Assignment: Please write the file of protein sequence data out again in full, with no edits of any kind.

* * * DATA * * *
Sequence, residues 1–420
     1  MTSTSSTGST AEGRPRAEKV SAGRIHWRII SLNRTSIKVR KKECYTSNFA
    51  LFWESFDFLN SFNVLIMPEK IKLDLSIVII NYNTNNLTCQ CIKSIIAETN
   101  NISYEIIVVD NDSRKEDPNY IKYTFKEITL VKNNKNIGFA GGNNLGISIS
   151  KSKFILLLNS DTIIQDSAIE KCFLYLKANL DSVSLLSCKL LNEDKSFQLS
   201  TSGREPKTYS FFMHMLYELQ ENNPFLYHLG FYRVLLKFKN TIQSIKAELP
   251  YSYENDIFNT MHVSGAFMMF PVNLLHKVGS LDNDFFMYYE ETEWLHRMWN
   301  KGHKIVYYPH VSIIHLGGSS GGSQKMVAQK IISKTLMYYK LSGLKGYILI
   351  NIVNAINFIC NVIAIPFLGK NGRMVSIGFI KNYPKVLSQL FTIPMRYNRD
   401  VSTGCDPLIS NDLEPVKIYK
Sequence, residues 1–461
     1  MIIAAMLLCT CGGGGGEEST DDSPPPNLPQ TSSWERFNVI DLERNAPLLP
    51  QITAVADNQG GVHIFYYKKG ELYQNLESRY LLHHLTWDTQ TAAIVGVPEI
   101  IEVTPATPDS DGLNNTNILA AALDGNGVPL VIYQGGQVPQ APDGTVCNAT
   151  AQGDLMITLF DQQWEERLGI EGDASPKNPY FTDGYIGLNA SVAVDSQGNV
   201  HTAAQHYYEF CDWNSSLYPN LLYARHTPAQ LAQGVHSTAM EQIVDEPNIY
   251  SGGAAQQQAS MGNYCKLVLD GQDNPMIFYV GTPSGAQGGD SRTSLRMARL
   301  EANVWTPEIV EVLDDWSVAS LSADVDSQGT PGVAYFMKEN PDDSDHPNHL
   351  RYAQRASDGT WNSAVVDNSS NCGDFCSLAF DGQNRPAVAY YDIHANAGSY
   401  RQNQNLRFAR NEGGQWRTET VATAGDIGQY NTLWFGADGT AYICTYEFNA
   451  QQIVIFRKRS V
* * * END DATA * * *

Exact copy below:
Sequence, residues 1–420
     1  MTSTSSTGST AEGRPRAEKV SAGRIHWRII SLNRTSIKVR KKECYTSNFA
    51  LFWESFDFLN SFNVLIMPEK IKLDLSIVII NYNTNNLTCQ CIKSIIAETN
   101  NISYEIIVVD NDSRKEDPNY IKYTFKEITL VKNNKNIGFA GGNNLGISIS
   151  KSKFILLLNS DTIIQDSAIE KCFLYLKANL DSVSLLSCKL LNEDKSFQLS
   201  TSGREPKTYS FFMHMLYELQ ENNPFLYHLG FYRVLLKFKN TIQSIKAELP
   251  YSYENDIFNT MHVSGAFMMF PVNLLHKVGS LDNDFFMYYE ETEWLHRMWN
   301  KGHKIVYYPH VSIIHLGGSS GGSQKMVAQK IISKTLMYYK LSGLKGYILI
   351  NIVNAINFIC NVIAIPFLGK NGRMVSIGFI KNYPKVLSQL FTIPMRYNRD
   401  VSTGCDPLIS NDLEPVKIYK
Sequence, residues 1–461
     1  MIIAAMLLCT CGGGGGEEST DDSPPPNLPQ TSSWERFNVI DLERNAPLLP
    51  QITAVADNQG GVHIFYYKKG ELYQNLESRY LLHHLTWDTQ TAAIVGVPEI
   101  IEVTPATPDS DGLNNTNILA AALDGNGVPL VIYQGGQVPQ APDGTVCNAT
   151  AQGDLMITLF DQQWEERLGI EGDASPKNPY FTDGYIGLNA SVAVDSQGNV
   201  HTAAQHYYEF CDWNSSLYPN LLYARHTPAQ LAQGVHSTAM EQIVDEPNIY
   251  SGGAAQQQAS MGNYCKLVLD GQDNPMIFYV GTPSGAQGGD SRTSLRMARL
   301  EANVWTPEIV EVLDDWSVAS LSADVDSQGT PGVAYFMKEN PDDSDHPNHL
   351  RYAQRASDGT WNSAVVDNSS NCGDFCSLAF DGQNRPAVAY YDIHANAGSY
   401  RQNQNLRFAR NEGGQWRTET VATAGDIGQY NTLWFGADGT AYICTYEFNA
   451  QQIVIFRKRS V